• Reflect critically on the theory and professional practice of contemporary journalism (2.2)
  • Plan and execute a substantial research-based project, demonstrating advanced communication and technical research skills (2.3)

Teaching and learning strategies

This subject will be delivered in seminar mode, accompanied by extensive use of online, open resources for data-driven research skills, data driven reporting and data visualisation. Seminars will include discussion of current examples of data driven reporting which students will explore online in the course of the seminar. Seminars will be conducted in computer labs, in which students will develop and apply a range of data literacies. In-class work will be based on self-learning/practice-based modules that will be required before weekly classes. Students will receive

formative feedback on their use of basic tools and techniques of data-driven reporting. The subject incorporates a range of teaching and learning strategies including presentations from industry professionals, videos, exercises, project consultations and case studies.

Content (topics)

Topics to be covered include: the importance of data literacy and data-driven reporting for current journalism practice, how to design a data-driven investigation, tools and techniques of data-driven reporting, including advanced searching techniques, how to access hidden web resources such as databases and datasets, tools for scraping, cleaning and mining data mining, data verification, simple and advanced data visualization, basic statistical analysis and social science techniques, the ethics and sociology of “big data”, and the importance of emerging technologies to the future development of journalism and its role in democracy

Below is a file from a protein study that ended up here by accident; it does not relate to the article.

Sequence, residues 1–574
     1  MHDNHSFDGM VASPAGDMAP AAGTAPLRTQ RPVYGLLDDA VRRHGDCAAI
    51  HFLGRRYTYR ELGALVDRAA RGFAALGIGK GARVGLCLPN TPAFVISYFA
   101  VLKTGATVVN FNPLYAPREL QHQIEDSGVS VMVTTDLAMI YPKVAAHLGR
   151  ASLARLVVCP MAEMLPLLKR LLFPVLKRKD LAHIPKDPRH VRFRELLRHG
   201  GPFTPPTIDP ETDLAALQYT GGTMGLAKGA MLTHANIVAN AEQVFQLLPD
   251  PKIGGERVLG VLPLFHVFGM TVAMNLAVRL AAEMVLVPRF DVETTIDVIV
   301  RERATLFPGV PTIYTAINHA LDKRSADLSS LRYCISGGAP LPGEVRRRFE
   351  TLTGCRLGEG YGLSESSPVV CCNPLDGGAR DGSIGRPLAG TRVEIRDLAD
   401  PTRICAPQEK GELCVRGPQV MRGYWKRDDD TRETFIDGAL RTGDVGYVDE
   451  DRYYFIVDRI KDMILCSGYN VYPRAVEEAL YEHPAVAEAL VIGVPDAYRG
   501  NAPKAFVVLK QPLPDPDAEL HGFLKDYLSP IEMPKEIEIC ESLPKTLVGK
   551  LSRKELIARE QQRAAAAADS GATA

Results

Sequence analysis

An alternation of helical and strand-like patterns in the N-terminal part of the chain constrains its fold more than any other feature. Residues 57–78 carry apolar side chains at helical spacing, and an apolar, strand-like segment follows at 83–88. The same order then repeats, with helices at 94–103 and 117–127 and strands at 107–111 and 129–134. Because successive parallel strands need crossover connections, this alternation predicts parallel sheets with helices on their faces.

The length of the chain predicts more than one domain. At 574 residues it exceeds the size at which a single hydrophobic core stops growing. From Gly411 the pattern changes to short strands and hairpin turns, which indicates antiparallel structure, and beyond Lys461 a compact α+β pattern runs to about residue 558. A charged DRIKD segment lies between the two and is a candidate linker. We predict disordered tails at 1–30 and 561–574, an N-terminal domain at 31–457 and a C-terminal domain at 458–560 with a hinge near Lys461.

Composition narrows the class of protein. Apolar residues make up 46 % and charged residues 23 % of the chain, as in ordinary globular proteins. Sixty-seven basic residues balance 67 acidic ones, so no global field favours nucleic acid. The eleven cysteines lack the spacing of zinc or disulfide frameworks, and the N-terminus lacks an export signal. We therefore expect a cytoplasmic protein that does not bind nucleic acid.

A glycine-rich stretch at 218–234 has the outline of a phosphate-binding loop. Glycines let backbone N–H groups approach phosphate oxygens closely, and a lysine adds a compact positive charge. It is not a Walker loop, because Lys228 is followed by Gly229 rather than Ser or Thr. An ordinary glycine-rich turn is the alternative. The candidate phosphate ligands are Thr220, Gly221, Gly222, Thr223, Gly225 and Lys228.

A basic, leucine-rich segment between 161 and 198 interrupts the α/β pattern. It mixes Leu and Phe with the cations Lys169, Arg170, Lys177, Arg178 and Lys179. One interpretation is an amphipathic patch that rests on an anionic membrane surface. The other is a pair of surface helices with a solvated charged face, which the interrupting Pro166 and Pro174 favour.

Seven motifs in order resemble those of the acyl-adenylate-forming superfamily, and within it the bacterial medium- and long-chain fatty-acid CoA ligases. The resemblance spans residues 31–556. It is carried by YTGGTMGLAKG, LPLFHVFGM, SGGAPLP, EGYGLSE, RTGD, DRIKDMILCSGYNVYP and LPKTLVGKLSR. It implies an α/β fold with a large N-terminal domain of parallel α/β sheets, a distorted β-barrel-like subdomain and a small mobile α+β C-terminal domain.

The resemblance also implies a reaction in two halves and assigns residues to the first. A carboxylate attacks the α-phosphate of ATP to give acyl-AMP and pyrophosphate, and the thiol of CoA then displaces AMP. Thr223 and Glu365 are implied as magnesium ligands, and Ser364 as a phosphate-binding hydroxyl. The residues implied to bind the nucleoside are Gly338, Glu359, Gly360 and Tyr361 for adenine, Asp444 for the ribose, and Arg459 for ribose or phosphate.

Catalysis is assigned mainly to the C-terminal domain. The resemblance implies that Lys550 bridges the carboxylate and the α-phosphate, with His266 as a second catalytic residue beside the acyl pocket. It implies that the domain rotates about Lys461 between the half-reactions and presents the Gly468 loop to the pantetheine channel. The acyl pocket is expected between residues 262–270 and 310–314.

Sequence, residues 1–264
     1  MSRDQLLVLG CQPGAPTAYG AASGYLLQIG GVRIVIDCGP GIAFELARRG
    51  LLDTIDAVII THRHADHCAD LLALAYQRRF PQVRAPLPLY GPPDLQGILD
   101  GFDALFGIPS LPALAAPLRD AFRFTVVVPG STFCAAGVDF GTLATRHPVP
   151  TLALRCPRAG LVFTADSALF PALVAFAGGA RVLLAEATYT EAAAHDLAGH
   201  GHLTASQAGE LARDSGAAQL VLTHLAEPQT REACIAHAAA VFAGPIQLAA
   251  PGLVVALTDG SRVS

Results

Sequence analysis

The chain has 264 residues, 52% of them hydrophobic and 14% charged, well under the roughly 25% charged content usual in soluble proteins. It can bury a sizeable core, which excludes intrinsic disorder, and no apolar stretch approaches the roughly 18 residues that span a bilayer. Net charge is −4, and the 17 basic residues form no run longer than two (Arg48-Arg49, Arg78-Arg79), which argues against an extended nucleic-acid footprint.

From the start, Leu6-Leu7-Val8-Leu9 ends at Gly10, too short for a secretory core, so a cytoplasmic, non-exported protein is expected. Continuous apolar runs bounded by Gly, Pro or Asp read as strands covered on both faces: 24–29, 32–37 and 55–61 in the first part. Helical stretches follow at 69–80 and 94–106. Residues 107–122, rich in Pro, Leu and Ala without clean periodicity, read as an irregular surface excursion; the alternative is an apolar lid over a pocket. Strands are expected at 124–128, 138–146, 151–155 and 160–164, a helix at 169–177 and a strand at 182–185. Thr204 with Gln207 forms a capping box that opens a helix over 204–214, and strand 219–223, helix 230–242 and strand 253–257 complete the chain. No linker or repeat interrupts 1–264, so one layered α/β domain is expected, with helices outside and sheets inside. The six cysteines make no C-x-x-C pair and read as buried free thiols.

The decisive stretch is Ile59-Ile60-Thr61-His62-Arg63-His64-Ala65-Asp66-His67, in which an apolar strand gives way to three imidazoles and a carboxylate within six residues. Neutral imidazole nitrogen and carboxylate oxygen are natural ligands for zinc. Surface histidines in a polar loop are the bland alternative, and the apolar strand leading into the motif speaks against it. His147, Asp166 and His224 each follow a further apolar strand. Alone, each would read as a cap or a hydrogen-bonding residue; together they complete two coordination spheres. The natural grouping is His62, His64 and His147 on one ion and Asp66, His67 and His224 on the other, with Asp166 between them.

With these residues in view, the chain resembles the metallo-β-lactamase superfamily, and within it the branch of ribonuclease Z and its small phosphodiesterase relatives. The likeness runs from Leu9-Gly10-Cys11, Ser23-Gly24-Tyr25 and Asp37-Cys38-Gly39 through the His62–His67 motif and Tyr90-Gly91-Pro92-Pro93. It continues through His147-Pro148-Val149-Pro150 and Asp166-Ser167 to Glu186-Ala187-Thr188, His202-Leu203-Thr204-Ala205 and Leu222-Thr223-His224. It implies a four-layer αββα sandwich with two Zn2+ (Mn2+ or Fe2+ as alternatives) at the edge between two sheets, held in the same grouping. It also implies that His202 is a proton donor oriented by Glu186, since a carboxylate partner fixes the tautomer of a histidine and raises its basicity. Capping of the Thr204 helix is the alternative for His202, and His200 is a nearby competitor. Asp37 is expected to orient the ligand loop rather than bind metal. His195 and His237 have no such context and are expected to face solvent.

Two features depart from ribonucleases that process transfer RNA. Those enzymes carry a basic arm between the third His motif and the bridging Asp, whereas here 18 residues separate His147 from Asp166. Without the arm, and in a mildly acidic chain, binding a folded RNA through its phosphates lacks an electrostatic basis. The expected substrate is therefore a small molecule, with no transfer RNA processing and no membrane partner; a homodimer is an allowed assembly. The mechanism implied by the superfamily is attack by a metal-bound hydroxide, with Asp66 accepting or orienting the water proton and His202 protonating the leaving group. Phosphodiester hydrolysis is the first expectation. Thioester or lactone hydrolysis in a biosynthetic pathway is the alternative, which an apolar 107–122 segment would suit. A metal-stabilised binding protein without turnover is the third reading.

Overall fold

Assessment task 1: Story Outline for Data Driven Investigation


a, b, e and f

Weight: 20%

750 words

Criteria linkages:
Criteria Weight (%) SLOs CILOs
Depth of analysis 25 b 2.2
Use of data research skills to develop an investigation 25 a 2.1
Newsworthiness of story brief 25 e 1.1
Range and depth of data and other sources included 25 f 1.1
SLOs: subject learning objectives
CILOs: course intended learning outcomes

Assessment task 2: Original Data Gathering Exercise


c, d and e

Weight: 30%

1000 words

Criteria linkages:
Criteria Weight (%) SLOs CILOs
Use of appropriate methods to collect and collate original and external data 25 d 2.1
Strength of story idea 25 e 1.1
Appropriateness of graphical and visual representations of data, which are described and analysed 25 c 2.1
Demonstration of key concepts in statistics and probability to draw conclusions from analysis 25 d 1.1
SLOs: subject learning objectives
CILOs: course intended learning outcomes

Assessment task 3: Data-Driven Journalistic investigation


a, b, c, d and e